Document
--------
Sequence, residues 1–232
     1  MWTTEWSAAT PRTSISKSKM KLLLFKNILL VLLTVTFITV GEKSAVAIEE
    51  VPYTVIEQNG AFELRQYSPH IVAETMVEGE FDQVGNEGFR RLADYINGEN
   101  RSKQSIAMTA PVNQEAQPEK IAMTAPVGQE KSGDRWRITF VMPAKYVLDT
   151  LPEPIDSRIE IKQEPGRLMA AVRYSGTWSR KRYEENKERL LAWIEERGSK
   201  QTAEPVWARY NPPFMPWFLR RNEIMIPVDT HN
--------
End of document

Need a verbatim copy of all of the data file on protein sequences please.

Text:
Sequence, residues 1–232
     1  MWTTEWSAAT PRTSISKSKM KLLLFKNILL VLLTVTFITV GEKSAVAIEE
    51  VPYTVIEQNG AFELRQYSPH IVAETMVEGE FDQVGNEGFR RLADYINGEN
   101  RSKQSIAMTA PVNQEAQPEK IAMTAPVGQE KSGDRWRITF VMPAKYVLDT
   151  LPEPIDSRIE IKQEPGRLMA AVRYSGTWSR KRYEENKERL LAWIEERGSK
   201  QTAEPVWARY NPPFMPWFLR RNEIMIPVDT HN